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Opinions

The last days of a covid-19 prisoner

Opinions

The last days of a covid-19 prisoner

(Matt Rota for The Washington Post)
correction

This article has been updated to reflect Charles Hobbs’s arrests in 2007 and 2014 and Miami-Dade County’s tracking of covid-19 deaths among prisoners.

It isn’t clear why Charles Hobbs was arrested in January. More than 20 years ago, a judge gave him five years probation for a crime that required him to register as a sex offender in one of the most restrictive counties in the country. He had no criminal record prior to that, and until January, his only subsequent arrests were for failing to register in 2007 and 2014. An attorney for his family says those arrests occurred when Hobbs temporarily moved in with a girlfriend and failed to notify the county where she lived.

When the coronavirus pandemic began to sweep the country, a judge ordered him released from jail and placed in home confinement, given his multiple underlying conditions of congenital heart failure, kidney failure and hypertension. But for reasons that also aren’t clear, that never happened. Last month, he caught the virus, and his condition deteriorated until a fellow prisoner found him unconscious. He was revived and transferred to another cell with other prisoners who had tested positive for covid-19. He got sicker and ultimately died alone in a Miami hospital on May 2.

Hobbs’s family was never even told he was sick. According to Johnny Gaspard, an attorney representing the family, the Metro West Detention Center in Miami-Dade County didn’t contact his relatives when Hobbs was found convulsing in his bed and sent to the makeshift cell for other positive prisoners. Nor did anyone contact them after he was again found convulsing in his bed and this time taken to a hospital by paramedics. The first they heard of his condition was when the hospital called Hobbs’s sister to ask whether she had the power to sign a “Do Not Resuscitate” order. At that point, Hobbs had already been resuscitated multiple times. The next call she received came on her way to the hospital, letting her know that her brother had died.

Hobbs’s family members also didn’t learn that he had contracted covid-19 from jail officials, from the medical examiner or even from the hospital. Instead, they learned it from a consortium of advocacy groups who discovered his death by chance while investigating a lawsuit on behalf of other prisoners in Miami’s jails.

For 22 years, Charles Hobbs tried to overcome the mistakes he made in 1997. But the stigma of a sex offense followed him all his life. Thanks to punitive laws, dizzying registration requirements and an indifferent corrections staff, his mistake would ultimately lead to his death.

“He tried his best to get past his offense and live his life”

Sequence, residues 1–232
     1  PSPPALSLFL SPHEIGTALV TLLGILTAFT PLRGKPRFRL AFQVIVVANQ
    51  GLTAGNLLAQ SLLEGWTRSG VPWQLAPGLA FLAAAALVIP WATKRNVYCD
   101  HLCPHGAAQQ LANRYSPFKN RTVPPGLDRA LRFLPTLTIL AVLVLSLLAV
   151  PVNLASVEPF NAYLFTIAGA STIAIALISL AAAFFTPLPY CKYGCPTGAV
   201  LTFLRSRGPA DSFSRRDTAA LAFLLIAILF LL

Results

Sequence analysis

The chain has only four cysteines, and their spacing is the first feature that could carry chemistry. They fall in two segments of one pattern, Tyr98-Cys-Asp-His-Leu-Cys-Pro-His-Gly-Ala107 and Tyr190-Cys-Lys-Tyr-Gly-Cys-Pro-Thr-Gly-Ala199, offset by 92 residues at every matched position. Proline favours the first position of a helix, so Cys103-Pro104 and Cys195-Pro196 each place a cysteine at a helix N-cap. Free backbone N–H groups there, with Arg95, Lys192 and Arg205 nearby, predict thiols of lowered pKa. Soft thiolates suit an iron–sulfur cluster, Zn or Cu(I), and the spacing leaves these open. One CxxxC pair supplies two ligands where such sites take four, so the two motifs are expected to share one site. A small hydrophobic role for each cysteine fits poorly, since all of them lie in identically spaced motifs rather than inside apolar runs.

In 1997, Charles Hobbs was arrested for the crime of “Lewd and Lascivious Contact with a Child." He was charged under a portion of the statute that addresses acts against children between the ages of 12 and 16. He would have been 29 at the time. The statute includes a wide range of offenses, from encouraging a minor to engage in sexual activity (but not engaging in it); to touching a minor’s genitals, breasts or buttocks, or having a minor touch the offender’s genitals, breasts or buttocks (including over clothing); to more explicitly sexual acts.

It’s uncertain which of these Hobbs was accused of doing — the details of the incident aren’t public — but the case’s outcome suggests that the judge and prosecutor either didn’t believe Hobbs was a particularly dangerous person or the state’s evidence against him wasn’t overwhelming. Technically, Hobbs wasn’t even convicted. His case was resolved with a “withhold of adjudication," a Florida law that allows a judge to impose a sentence but isn’t actually a conviction. The action is supposed to give low-level offenders a second chance and the opportunity to avoid the stigma of a criminal record. Hobbs was sentenced to five years probation.

But with sex offenses, any protection from stigma that would come with a “withhold of adjudication” order is offset by lifelong registry on the state sex offender list. And Miami-Dade County, where Hobbs was born and lived nearly all of his life, has some of the most aggressive sex offender laws in the country. The Marshall Project reported in 2018 that a “combination of federal, state and local laws has rendered almost all of Miami-Dade County off-limits,” and found that a large percentage of the county’s sex offenders are homeless, though they’re also forbidden from staying in homeless shelters. Nearly all of the city of Miami is restricted, as is a large portion of the surrounding county.